Fever does not always need to be treated; an elevated temperature can play an important role in fighting infection.
By definition, fever is an internal body temperature that’s higher than the “normal range.” Specifically, that means greater than 100°F or 37.8°C if taken orally or greater than 100.4°F or 38°C when measured rectally.
Fever can be a source of anxiety, especially among parents where their children are concerned. Their concern arises from a misconception that fever itself is a disease rather than a symptom of illness. Worrying about fever may in turn lead to excessive monitoring and over treatment.
The truth, of course, is that fever is the body’s protective mechanism for fighting infection. An elevated temperature enhances a number of components of the immune system, such as increasing T-cell proliferation.
Fever helps to stop, slow or kill viruses and bacteria with its heat. It is the body’s natural response to such threats, seeking to eliminate them from the body in a quick and effective manner. For that reason, not all fevers need to be treated.
On the other hand, some conditions require special attention and treatment, particularly the following:
- Under 3 months with a rectal temperature of 100.4°F (38°C) or higher.
- Between 3~6 months with a temperature of 101°F (38.3°C) or higher.
- Over 6 months with a temperature of 103°F (39.4°C) or higher.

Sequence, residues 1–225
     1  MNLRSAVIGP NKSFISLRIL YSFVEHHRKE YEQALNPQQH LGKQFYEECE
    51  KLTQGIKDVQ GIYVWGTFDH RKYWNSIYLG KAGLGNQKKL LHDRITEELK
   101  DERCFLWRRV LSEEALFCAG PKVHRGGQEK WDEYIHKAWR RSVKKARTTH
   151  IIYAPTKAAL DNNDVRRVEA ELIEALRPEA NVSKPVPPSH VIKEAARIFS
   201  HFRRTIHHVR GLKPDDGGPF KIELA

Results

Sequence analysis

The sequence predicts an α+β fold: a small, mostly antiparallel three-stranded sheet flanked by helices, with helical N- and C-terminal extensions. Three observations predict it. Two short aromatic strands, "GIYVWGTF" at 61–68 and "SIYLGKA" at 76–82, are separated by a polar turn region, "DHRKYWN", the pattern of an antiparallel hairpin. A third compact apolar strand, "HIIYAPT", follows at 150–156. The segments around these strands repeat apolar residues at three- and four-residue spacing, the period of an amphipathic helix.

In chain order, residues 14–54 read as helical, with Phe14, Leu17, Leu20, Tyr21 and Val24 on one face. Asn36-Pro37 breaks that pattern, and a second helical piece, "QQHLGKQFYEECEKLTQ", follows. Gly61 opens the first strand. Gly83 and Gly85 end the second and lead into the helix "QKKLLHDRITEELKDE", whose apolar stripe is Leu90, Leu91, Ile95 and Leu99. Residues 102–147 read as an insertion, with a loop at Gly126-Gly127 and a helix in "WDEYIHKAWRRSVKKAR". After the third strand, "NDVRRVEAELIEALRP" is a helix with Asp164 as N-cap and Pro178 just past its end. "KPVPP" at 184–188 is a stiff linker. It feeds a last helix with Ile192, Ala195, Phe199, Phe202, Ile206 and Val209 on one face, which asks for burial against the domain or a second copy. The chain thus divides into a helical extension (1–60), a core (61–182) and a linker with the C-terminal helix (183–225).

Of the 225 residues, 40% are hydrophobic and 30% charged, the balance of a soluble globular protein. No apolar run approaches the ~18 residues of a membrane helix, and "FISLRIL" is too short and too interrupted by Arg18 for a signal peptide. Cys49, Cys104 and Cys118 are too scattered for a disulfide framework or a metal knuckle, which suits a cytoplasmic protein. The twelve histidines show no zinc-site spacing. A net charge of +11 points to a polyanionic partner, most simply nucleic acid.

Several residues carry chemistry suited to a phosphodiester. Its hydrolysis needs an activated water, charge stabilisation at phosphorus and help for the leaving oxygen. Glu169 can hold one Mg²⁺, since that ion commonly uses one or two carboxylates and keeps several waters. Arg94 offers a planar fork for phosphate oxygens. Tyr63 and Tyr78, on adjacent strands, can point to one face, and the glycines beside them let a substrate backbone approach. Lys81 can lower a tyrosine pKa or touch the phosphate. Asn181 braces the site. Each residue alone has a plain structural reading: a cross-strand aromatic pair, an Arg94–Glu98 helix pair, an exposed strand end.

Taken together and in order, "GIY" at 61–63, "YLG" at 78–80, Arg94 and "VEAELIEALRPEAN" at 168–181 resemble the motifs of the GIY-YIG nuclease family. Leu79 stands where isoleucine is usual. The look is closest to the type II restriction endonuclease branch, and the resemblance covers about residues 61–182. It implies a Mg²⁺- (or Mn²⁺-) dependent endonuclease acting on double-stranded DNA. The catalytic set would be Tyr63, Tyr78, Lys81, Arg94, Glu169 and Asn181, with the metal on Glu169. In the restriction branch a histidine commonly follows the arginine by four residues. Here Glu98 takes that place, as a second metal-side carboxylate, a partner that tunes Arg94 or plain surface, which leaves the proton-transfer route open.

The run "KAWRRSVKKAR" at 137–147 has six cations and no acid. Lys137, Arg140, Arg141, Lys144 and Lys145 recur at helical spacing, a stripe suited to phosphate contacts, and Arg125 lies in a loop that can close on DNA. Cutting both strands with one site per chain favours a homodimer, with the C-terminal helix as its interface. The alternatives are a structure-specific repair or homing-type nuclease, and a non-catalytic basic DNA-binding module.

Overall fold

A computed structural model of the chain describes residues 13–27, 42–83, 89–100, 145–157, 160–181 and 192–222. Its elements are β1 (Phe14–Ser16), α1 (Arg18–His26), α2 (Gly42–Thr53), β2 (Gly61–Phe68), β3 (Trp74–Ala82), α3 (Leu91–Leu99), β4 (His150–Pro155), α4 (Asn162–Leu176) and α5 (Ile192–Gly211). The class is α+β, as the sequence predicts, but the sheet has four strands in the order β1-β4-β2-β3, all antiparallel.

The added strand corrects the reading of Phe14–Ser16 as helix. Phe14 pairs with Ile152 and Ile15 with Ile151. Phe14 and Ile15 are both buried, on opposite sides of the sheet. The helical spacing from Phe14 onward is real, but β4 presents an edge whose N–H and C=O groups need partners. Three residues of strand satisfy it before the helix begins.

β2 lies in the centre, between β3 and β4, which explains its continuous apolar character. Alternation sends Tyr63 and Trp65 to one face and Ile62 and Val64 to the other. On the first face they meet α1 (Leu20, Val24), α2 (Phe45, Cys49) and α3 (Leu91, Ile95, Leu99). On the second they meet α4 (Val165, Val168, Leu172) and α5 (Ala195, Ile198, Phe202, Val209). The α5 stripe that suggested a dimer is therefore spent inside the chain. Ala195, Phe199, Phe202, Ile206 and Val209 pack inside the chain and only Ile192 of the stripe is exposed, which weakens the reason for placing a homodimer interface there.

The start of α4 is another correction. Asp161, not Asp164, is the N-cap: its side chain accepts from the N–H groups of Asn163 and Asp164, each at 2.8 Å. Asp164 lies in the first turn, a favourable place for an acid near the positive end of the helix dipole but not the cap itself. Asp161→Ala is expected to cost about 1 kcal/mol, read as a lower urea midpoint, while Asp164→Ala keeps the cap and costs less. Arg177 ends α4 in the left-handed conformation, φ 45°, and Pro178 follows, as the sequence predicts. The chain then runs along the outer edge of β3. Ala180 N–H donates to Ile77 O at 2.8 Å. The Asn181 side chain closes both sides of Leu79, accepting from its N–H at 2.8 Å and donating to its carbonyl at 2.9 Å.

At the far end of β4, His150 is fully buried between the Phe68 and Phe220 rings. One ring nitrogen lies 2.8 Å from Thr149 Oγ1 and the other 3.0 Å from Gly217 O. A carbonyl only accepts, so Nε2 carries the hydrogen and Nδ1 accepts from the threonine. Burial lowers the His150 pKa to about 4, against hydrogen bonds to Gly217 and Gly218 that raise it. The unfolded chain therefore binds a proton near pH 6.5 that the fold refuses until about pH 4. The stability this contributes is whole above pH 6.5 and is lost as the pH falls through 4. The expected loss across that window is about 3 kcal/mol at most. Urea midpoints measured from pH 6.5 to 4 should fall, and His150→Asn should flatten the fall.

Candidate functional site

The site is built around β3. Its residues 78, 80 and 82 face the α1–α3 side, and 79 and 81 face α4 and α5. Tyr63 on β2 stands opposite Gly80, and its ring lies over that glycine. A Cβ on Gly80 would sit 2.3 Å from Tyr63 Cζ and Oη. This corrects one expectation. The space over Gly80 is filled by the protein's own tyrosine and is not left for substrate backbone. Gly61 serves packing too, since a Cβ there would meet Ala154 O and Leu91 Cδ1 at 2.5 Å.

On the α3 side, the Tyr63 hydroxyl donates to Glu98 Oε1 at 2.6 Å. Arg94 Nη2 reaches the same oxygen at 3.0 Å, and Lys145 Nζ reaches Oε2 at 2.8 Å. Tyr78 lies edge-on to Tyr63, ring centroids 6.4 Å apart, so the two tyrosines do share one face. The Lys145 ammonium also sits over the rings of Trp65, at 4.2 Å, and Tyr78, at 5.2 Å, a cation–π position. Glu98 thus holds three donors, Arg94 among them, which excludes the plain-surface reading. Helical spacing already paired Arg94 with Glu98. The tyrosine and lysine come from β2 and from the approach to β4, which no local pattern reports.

- A fever lasts more than 24 hours or a child who is lethargic, has trouble breathing, has a rash, or is limp.
- A person is lethargic, unresponsive, or has trouble breathing.
- There is no need to treat a fever under 102°F or 38.8°C.
Note that fever-reducing medicines such as ibuprofen or acetaminophen can have unwanted side effects, especially if overdosing occurs. That’s one reason why the OTC industry is in the process of discontinuing some forms of infant drops.
There are many ways to reduce a fever without resorting to pharmaceuticals. With children in particular, cool, damp compresses can be applied directly to the forehead while they rest. Alternatively, a bath in lukewarm water can help. Consuming cool drinks, using a fan, removing layers of clothing, and staying indoors or in the shade are other remedial actions that can be taken.
In some case, however, medical attention may be warranted. For example, if an infant three months or younger has a fever of any type, it is cause for concern. If a child has a fever that is over 104°F or 40°C, or if there are other symptoms that the child is not well, the appropriate action is to see a doctor or visit the emergency ward.
Adults can read their bodies better, of course, but if a fever lasts more than three days or goes above 103°F, it is time to see a doctor. And for any fever of 106°F or more, call 911 immediately for emergency response, as temperatures this high can cause brain damage or a coma.
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